Email is integral to all online businesses, and so is the practice of authenticating email domains. SaaS companies rely heavily on email for marketing, cold sales pitches, product launches, customer communications, newsletters, and more.
But if you’re part of a SaaS company, how do you know spoofers aren’t misusing your reputation and brand name? That’s why a robust SaaS email authentication system is crucial.
According to Statista, more than 306.4 billion emails were sent in 2020, a number expected to grow to 376.4 billion by 2025. Meanwhile, Deloitte reports that 91% of all cybercrimes begin with spoofing an unexpected victim.
Email authentication is no longer a luxury. It’s become vital to protect your business, brand reputation, and trust relationships with partners and clients. Ignoring email authentication will cost you more than just time and sales. Read on to learn more.
What is Email Authentication?
Email authentication for SaaS companies is a technical solution that verifies whether an email comes from the claimed sender only. As such, it blocks or prevents malicious and fraudulent acts like phishing and spamming.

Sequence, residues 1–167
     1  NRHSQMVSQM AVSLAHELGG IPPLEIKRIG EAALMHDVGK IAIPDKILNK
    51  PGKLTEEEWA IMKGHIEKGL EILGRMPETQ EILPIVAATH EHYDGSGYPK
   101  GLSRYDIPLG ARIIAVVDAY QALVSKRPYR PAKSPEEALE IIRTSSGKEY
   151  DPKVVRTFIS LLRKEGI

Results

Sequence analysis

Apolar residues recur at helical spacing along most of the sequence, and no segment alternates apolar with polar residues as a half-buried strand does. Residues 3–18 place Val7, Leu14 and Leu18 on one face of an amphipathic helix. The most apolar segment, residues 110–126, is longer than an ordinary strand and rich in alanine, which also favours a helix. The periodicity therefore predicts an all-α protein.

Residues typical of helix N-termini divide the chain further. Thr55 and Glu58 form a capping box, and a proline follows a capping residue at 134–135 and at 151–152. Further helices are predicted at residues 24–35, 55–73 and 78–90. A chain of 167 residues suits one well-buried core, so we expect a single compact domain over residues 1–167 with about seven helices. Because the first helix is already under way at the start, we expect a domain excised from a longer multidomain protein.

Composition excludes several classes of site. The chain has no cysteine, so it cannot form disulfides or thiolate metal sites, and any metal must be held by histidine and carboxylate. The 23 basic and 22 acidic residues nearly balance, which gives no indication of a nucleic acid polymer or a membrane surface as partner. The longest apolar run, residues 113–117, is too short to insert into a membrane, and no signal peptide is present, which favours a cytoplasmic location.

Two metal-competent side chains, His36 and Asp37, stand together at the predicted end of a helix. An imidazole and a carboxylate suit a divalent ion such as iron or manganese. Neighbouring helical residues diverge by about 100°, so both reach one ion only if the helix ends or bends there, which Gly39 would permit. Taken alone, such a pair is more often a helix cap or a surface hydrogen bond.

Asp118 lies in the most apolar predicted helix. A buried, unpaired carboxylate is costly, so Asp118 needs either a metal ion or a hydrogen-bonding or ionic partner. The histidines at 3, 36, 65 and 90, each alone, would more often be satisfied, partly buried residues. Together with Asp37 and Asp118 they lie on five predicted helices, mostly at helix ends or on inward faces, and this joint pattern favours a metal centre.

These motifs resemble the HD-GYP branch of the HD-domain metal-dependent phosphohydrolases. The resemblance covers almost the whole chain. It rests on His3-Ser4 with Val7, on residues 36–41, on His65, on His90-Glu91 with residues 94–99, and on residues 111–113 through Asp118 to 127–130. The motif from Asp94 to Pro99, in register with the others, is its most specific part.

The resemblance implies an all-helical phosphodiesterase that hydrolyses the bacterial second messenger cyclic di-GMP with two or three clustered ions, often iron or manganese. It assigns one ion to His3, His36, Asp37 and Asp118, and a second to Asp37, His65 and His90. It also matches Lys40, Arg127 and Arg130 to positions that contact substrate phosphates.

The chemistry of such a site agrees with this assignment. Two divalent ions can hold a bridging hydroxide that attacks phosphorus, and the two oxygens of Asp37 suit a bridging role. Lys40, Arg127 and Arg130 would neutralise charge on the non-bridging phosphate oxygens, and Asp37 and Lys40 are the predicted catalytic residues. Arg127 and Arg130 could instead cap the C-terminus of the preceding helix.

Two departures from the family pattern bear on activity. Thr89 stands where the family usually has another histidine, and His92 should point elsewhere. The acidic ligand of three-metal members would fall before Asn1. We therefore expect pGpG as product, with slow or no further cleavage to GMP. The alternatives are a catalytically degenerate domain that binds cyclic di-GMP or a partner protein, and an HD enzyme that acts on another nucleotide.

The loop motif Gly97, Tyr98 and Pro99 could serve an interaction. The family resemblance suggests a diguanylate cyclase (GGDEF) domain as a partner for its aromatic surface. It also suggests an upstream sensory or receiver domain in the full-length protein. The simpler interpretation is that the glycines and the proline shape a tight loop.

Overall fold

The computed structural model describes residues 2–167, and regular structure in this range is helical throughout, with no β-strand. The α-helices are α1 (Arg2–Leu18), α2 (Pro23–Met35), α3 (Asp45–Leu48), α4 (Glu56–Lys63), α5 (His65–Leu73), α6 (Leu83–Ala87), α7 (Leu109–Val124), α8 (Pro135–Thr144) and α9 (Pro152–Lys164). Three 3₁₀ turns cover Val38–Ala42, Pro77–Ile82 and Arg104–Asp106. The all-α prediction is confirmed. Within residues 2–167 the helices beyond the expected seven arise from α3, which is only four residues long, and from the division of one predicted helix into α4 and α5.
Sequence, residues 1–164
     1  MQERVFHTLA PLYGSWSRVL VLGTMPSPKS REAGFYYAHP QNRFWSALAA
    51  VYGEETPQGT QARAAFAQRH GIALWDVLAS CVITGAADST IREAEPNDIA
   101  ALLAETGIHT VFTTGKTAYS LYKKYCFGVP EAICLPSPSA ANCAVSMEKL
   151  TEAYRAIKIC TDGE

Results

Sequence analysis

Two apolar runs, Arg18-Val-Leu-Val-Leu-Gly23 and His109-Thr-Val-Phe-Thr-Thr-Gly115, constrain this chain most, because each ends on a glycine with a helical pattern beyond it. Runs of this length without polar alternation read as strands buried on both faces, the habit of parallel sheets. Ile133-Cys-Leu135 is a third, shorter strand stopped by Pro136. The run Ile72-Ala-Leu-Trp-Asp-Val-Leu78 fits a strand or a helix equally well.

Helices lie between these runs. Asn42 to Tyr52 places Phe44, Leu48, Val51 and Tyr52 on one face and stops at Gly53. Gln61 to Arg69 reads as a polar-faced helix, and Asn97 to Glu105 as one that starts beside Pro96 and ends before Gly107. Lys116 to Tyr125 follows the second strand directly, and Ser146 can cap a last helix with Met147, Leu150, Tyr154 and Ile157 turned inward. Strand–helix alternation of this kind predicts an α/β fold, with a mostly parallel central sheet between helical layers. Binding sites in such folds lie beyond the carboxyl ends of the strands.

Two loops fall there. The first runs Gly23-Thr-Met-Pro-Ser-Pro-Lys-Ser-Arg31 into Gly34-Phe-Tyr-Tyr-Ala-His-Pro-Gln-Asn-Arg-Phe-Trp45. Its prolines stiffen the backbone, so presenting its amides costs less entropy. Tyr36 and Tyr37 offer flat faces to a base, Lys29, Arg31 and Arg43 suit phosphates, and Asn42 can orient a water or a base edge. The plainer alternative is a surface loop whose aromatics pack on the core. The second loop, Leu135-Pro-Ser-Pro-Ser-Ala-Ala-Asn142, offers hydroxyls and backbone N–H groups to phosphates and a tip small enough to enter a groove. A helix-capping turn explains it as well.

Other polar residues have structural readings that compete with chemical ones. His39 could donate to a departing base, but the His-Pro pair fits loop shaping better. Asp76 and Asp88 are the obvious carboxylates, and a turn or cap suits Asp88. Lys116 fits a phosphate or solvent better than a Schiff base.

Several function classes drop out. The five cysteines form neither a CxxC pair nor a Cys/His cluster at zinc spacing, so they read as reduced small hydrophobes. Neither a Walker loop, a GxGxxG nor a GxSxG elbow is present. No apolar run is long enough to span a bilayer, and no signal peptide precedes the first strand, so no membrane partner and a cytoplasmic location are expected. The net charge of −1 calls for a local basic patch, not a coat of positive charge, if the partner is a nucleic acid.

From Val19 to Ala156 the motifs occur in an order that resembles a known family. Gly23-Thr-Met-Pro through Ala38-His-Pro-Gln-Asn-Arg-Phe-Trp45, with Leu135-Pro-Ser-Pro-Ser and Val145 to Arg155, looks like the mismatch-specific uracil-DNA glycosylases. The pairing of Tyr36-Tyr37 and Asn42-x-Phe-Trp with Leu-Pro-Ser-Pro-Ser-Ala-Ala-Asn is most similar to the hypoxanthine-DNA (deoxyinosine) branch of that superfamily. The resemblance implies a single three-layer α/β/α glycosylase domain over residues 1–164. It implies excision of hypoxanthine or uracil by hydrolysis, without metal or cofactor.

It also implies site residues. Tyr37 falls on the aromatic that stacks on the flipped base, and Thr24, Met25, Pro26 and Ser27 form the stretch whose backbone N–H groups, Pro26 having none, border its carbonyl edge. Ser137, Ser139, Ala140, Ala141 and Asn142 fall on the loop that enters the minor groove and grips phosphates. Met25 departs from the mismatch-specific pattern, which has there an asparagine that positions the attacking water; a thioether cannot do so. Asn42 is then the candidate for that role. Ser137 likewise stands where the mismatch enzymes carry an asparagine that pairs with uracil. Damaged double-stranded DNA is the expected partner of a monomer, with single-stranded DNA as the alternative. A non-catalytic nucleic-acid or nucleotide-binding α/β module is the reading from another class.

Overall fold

The Sender Policy Framework (SPF), DomainKeys Identified Email (DKIM), and Domain-based Message Authentication, Reporting, and Conformance (DMARC) are the three common email authentication standards.
We’ll focus on understanding their basics. But before moving ahead, here’s why SaaS companies should invest in these services:
Benefits of Email Authentication for SaaS Companies:
- Enhances a positive brand image
- Protects your customers from cybercriminals
- Minimizes the possibility of data breaching
- Bolsters your brand’s trustworthiness
- Improves email deliverability
What is the Mechanism Behind Email Authentication?
The basic authentication of an email involves confirming the origin of the email domain ownership of Message Transfer Agents (MTAs). MTAs transfer emails between the computer of a sender and a recipient. Thus, they are very reliable for catching spam or fraudulent emails.
In easier words, the domain name system (DNS) stores email authentication protocols of all the domains and subdomains. To validate an email’s authenticity, the sender’s and receiver’s servers communicate with each other. This confirms the origin of an email.
For example, you receive a surprise gift from a friend. What’s the first thing you’d do?
You’d call them to find out whether they have actually sent you a gift. If they confirm, you’d open up the parcel, right?
But what if they say, “No, I haven’t sent you any gift”? You’d send the suspicious parcel back as it may contain something dangerous.
The same concept applies when striving to. authenticate your email domain and improve your email security. Our Small Business Guide to Secure Email explains more.
Steps for Email Authentication
Although the following steps may vary a bit from protocol to protocol, the basic structure stays the same.
- STEP 1: The domain owner sets certain rules for emails sent from that particular domain and subdomain.
- STEP 2: These rules are then used for email authentication and recorded in the DNS.